The first incident unfolded in Birmingham during a local derby between Birmingham City and Aston Villa in the second-tier Championship. During a stoppage in play, a Birmingham fan charged onto the field and took a swing at Villa captain Jack Grealish, catching him on the side of his head.
The unidentified intruder quickly was restrained by a security official as Grealish's teammates rushed in to confront him. The fan was led away by police, waving and blowing kisses to his fellow supporters as he was taken off the field. Grealish appeared not to be seriously hurt and appeared to accept apologies and commiserations from Birmingham City players after the incident.
"I was walking into position and then just felt a whack around the side of the face," said Grealish, who went on to score the only goal in Villa's 1-0 win. "Obviously there's rivalry and stuff in football but I don't think there's any place for that."
"We apologize to Jack and all at Aston Villa Football Club," Birmingham said in a statement. "What happened has no place in football or society."
The English Football League said it "condemns the mindless actions" of the man who attacked Grealish.
"It's a situation no player should ever be faced with," the English Football League said in a statement. "In all circumstances the playing surface is for players, not supporters and those playing in the game must be able to do so safe in the knowledge they will not be subjected to this type of behavior.
"Whilst this incident falls within the remit of the Football Association, we will work with all the relevant parties to address the issue of player and match officials safety on the pitch and ensure the appropriate action is taken."
Hours later in London, an Arsenal fan ran onto the field after Pierre-Emerick Aubameyang scored a penalty to provide the final margin in Arsenal's 2-0 Premier League win over Manchester United. As the fan raced toward the celebrating Arsenal players, he pushed United defender Chris Smalling.
The Metropolitan Police said in a statement Sunday evening that the man was in custody on "suspicion of common assault and pitch invasion." Arsenal announced that he would be banned from all of the club's games, home and away.
"We utterly condemn the behavior of the individual who ran onto the pitch and approached Chris Smalling," the club said in a statement. "We would like to apologize to Chris and Manchester United, and are pleased that the individual was apprehended and arrested. We will be working closely with the Metropolitan Police in their investigation."
Arsenal and Manchester United are two of the most successful clubs in the English game, and their rivalry occasionally has spilled over into outright antagonism and hostility. Both clubs were docked points after a 1990 brawl between the two teams, while another bad-tempered match in 2004 led to Arsenal midfielder Cesc Fabregas throwing a piece of postgame pizza at legendary United manager Alex Ferguson.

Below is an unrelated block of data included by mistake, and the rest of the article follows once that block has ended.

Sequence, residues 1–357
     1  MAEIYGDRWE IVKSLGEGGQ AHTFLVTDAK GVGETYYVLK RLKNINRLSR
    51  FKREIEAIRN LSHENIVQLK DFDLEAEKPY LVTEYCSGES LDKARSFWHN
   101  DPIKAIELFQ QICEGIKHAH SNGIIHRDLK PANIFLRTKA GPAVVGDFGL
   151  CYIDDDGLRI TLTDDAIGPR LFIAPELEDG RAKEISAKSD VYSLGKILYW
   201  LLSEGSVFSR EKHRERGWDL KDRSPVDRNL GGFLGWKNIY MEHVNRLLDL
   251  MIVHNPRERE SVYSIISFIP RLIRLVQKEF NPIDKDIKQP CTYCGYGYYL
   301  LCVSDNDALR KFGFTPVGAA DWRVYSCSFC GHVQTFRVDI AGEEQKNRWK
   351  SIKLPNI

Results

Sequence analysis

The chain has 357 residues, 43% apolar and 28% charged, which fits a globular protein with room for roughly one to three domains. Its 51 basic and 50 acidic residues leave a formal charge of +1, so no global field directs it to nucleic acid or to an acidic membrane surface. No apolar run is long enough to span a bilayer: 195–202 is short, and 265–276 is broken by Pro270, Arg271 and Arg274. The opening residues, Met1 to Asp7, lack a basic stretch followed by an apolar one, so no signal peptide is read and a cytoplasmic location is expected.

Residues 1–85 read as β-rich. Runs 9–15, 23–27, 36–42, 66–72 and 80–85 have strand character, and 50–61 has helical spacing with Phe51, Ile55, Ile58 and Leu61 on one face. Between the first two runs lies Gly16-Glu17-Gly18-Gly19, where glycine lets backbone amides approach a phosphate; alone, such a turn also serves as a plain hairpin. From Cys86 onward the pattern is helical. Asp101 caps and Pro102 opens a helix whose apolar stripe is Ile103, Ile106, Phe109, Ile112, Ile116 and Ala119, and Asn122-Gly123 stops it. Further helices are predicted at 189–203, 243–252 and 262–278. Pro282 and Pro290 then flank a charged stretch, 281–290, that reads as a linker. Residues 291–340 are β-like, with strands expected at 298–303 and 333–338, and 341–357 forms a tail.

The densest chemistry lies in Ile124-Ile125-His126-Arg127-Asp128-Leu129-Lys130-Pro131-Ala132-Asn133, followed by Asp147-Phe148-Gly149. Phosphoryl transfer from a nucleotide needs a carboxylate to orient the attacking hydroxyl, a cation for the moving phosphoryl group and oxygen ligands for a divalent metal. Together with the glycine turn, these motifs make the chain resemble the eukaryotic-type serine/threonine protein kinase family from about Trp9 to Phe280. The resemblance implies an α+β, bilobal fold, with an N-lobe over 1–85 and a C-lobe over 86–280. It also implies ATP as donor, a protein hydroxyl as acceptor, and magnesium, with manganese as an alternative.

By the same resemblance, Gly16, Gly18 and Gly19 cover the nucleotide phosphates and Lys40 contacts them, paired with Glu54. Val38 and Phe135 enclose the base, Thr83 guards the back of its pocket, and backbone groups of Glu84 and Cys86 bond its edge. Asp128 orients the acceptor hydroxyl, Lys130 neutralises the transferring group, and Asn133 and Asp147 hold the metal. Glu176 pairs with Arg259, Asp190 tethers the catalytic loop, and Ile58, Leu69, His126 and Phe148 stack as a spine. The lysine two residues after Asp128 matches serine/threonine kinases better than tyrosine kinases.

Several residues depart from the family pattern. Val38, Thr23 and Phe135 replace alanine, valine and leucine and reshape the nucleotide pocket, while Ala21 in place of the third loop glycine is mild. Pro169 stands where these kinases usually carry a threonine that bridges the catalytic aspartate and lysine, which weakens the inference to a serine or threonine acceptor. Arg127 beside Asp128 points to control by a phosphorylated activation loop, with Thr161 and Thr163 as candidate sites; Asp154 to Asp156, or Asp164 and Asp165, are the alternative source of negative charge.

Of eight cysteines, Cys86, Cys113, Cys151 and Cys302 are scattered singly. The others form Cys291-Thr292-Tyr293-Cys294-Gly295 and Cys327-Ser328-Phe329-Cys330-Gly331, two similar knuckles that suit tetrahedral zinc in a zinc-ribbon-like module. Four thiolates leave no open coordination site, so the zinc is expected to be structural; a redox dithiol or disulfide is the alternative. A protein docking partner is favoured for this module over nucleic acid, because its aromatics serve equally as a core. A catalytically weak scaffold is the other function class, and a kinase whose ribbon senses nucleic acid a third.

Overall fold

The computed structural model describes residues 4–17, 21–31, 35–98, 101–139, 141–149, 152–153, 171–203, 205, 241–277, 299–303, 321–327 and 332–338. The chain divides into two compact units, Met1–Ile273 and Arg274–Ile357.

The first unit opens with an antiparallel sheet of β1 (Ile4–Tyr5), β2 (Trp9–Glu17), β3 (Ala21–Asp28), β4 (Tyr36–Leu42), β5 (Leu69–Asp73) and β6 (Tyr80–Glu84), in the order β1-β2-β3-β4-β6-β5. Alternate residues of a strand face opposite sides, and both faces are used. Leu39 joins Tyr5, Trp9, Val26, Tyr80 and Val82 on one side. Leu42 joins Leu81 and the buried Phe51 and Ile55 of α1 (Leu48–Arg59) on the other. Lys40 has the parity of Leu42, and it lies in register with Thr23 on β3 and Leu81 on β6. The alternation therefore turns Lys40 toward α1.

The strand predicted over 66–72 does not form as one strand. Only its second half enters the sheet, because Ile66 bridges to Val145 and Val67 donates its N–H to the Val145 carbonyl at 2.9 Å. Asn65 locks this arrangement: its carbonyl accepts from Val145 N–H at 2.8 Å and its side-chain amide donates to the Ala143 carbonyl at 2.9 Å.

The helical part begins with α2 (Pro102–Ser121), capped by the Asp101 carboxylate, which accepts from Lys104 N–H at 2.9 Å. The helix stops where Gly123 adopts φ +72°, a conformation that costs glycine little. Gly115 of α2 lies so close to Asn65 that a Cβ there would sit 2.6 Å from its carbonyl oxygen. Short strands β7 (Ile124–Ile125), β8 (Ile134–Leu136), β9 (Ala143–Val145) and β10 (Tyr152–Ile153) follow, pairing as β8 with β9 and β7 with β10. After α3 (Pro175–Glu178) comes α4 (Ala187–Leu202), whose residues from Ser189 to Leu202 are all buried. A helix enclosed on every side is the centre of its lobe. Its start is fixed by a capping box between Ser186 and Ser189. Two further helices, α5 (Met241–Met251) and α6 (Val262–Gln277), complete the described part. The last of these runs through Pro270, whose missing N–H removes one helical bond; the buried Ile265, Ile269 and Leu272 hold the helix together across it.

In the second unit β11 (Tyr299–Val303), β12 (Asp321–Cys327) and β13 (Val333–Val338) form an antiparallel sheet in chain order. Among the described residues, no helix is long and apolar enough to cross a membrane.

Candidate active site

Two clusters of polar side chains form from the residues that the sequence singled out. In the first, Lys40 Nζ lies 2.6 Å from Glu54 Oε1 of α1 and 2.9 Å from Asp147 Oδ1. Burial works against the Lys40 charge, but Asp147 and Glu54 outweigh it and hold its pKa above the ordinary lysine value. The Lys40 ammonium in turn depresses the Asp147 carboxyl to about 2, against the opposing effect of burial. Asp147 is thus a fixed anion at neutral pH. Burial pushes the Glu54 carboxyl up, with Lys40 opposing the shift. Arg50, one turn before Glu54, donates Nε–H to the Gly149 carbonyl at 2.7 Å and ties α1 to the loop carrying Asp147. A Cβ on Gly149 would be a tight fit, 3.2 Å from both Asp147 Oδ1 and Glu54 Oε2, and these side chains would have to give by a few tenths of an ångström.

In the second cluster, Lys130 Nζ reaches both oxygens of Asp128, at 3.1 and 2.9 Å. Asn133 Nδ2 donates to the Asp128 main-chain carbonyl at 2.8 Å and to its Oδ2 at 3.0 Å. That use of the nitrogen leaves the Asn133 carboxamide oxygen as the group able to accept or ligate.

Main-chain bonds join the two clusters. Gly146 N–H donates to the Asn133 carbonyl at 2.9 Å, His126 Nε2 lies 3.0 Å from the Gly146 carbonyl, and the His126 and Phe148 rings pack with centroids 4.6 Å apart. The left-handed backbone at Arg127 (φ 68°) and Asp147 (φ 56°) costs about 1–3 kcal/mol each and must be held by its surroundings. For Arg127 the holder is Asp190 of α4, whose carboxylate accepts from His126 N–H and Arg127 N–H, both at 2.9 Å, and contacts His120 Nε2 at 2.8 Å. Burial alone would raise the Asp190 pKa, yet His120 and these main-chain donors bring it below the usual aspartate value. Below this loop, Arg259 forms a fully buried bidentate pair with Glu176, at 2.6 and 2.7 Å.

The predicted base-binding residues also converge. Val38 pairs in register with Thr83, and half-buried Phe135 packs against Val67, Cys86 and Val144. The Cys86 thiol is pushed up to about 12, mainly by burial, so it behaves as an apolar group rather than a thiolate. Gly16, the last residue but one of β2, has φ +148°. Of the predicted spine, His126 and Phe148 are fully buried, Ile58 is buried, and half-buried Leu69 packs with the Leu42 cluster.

The rivalry between Birmingham City and Aston Villa has seen more violence between fans, as both clubs have been followed by well-organized groups of hooligans, known as "firms." In 2002, a Birmingham City fan was arrested and later sentenced to four months in prison after he ran onto the field, made an obscene gesture at Villa goalkeeper Peter Enckelman and slapped the player following an own goal.
Precautionary measures already had been taken in an attempt to reduce the risk of violence.
"We kick off on Sunday at 12 o'clock for a reason, to keep the people out of the pubs," Villa manager Dean Smith said. "Security's got to be ready for people coming on to the pitch but then some lunatic goes on trying to make a name for himself."
Birmingham said it would assist investigators and review stadium safety procedures.
"We deplore the behavior of the individual who committed this act and rest assured he will be banned from St. Andrew's for life," the club said. "The club will also support any further punishment this individual may face in the eyes of the law."
The attack followed a number of recent high-profile incidents of crowd trouble north of the border in Scottish football.
In Friday night's 1-1 draw between Rangers and Hibernian, Rangers captain James Tavernier found himself face to face with a Hibernian fan who had jumped out of the home support stand during a game on Friday night. The previous weekend a glass bottle was thrown from the same section of the stadium as Celtic winger Scott Sinclair prepared to take a corner during a game at Hibernian.
The Associated Press contributed to this report.